1. Get the garden planted no later than Mother's Day.
2. Don't plant until the snow is gone off the foothills.
The first rule is based on our short-ish growing season; mid May to mid September. Vegetables that take a long while to mature - corn, pumpkin, carrots, butternut squash - need to be started as soon as is possible or they won't have time to ripen in the fall. The second rule is simply based on temperature. If the foothills still have snow, then the soil in the garden is probably not warm enough for seeds to germinate. Of course, having a soil thermometer is a more precise way to go.
Most years, these rules can easily be followed because by Mother's Day the snow in the foothills has all melted away. Our tradition has been to have my parents and Jeremy's parents over for Mother's Day brunch and then my mom and I toil in the garden. But this year on Mothe
r's Day there was still snow in them-there-hills. On top of that, it was a cold and rainy day. We opted for brunch at my parent's condo instead.
All last week I watched the weather report hoping for a couple warm days to melt the snow and for one weekend day without rain. We got it! Wednesday, Thursday and Friday of last week were partly sunny with temperatures in the mid to upper 60's. Saturday was suppose to be cloudy but the rain was to hold off until the late afternoon. So I called my mom and said "Let's do this!"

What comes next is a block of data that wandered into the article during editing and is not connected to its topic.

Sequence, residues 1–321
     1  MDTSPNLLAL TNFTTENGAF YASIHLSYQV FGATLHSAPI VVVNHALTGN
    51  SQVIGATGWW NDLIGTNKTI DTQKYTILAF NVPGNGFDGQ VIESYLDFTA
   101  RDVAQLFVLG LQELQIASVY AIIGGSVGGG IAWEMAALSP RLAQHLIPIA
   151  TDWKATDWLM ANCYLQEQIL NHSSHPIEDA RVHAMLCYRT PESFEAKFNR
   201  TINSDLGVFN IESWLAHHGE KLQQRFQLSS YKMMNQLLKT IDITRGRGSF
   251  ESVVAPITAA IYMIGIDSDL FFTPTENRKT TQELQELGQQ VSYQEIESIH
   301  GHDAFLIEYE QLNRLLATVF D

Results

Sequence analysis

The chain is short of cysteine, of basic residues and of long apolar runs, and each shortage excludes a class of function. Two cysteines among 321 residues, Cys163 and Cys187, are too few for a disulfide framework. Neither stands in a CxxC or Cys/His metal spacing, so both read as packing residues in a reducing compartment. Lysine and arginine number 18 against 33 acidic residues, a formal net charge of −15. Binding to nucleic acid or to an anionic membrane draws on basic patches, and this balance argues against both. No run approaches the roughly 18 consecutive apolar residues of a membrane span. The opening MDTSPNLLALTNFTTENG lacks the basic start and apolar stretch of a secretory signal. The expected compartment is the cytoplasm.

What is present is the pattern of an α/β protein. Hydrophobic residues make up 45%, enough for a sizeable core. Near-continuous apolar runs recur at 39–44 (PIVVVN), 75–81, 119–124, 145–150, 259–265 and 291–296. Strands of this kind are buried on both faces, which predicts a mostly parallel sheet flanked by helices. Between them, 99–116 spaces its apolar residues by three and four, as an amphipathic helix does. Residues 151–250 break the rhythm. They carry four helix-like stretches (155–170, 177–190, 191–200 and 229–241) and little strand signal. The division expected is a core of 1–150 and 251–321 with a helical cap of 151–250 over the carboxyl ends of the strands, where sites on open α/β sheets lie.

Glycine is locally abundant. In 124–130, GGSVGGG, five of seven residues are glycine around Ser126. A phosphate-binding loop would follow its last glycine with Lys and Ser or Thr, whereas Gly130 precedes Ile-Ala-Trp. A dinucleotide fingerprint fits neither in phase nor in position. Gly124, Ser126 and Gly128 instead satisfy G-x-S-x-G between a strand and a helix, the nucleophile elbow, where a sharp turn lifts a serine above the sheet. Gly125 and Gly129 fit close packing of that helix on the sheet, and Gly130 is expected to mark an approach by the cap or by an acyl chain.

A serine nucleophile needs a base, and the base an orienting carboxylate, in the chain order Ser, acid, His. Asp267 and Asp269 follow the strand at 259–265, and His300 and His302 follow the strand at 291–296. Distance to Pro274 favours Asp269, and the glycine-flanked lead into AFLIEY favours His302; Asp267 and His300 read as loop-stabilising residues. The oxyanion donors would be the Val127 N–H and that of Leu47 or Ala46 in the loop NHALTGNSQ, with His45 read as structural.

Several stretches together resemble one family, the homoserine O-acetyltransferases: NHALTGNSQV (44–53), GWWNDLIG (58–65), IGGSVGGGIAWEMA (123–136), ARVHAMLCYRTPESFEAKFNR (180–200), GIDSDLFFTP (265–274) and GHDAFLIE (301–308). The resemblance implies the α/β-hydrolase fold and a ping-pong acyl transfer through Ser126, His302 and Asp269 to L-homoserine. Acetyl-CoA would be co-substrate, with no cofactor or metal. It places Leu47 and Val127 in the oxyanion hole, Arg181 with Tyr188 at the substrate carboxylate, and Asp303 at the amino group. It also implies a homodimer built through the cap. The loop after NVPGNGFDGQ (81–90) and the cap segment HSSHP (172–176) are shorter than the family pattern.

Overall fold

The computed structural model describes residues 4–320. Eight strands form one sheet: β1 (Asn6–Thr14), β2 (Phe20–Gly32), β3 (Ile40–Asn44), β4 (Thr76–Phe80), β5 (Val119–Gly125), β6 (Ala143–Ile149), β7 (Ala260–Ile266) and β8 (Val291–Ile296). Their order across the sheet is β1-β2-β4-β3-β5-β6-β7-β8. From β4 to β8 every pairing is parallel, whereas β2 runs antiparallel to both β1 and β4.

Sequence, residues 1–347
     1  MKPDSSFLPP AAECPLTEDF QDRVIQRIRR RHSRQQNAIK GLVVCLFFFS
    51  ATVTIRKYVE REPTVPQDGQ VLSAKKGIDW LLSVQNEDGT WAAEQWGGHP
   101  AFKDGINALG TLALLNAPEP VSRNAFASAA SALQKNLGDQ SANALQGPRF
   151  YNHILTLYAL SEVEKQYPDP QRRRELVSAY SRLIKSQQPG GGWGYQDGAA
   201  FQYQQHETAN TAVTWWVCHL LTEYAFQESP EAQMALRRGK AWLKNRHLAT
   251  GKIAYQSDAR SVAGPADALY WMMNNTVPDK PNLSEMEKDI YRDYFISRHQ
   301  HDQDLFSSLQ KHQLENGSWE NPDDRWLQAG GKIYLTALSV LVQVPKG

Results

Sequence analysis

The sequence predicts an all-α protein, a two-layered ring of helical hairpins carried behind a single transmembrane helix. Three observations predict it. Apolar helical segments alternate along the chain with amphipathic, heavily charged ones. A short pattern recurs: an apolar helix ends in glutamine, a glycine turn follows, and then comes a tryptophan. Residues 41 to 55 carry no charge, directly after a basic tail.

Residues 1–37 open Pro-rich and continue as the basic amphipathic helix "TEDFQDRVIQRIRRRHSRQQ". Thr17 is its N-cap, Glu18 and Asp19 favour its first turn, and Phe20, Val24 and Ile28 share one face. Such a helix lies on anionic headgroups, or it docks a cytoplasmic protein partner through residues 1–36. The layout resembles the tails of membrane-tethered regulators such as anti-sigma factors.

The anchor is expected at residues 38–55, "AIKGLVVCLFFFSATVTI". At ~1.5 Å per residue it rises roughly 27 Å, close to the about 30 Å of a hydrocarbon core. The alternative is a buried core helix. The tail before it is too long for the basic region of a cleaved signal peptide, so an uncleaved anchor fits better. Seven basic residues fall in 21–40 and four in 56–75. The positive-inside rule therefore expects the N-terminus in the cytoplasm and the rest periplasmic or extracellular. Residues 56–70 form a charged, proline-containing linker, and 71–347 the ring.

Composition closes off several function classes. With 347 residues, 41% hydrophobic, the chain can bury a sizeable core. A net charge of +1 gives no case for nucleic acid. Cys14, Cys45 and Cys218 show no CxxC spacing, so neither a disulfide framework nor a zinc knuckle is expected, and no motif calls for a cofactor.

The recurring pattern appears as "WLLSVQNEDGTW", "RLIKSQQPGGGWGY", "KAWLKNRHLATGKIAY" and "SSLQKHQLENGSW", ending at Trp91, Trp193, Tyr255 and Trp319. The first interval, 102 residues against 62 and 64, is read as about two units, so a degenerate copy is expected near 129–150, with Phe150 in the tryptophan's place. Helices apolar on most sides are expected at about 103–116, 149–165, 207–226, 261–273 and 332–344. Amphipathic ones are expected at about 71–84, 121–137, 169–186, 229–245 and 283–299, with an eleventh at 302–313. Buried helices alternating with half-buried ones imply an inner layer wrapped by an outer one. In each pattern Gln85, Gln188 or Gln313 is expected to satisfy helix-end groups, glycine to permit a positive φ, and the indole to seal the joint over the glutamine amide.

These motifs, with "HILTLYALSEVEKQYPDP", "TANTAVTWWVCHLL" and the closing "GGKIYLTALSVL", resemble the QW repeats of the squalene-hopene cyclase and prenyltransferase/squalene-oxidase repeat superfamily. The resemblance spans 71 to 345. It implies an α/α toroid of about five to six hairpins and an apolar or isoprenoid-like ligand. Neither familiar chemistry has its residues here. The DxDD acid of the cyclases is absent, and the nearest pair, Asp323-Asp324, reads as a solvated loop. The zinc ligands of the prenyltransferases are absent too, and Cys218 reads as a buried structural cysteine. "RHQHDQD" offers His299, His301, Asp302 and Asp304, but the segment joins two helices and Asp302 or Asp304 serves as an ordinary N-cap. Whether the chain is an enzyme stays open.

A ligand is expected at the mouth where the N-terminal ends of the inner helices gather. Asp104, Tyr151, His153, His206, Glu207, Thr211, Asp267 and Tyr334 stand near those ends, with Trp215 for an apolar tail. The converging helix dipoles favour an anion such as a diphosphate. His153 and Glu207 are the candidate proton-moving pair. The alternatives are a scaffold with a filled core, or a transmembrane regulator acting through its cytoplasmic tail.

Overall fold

Planting the garden takes 2 people roughly 4-5 hours of solid work. Mom and I have done it many times and have a system. The night before or morning of I draw a diagram of the garden deciding where to put things so that no variety is in the same spot as the year before (it's best for soil). When we get down to the garden and have all our equipment, seeds and starts out, we use the diagram to make walking trails around the different planting areas. Then we each choose a location and start planting. Mom usually starts with the tomatoes and I start with the pole beans. We just work our way through until it's all in.
Yesterday we got a late start because my parents had bridge lessons in the morning. Around 1pm we were ready to go and the clouds were moving in. As we planted the air kept getting colder and the clouds darker. We moved extra quick. At 4pm I felt a few raindrops. We hadn't gotten it all in. More than 3/4's was finished but the beets, carrots, onion sets and bush beans were still in their packets. But we could tell by the color of the clouds and the wind that the rain was going to really come down. So we packed up all the equipment and called it a day. If we get a break in the rain next week, I'll try to get some stuff in. Or maybe next weekend.
It should be noted that there is still snow in the foothills. Oh well, rules are meant to be broken.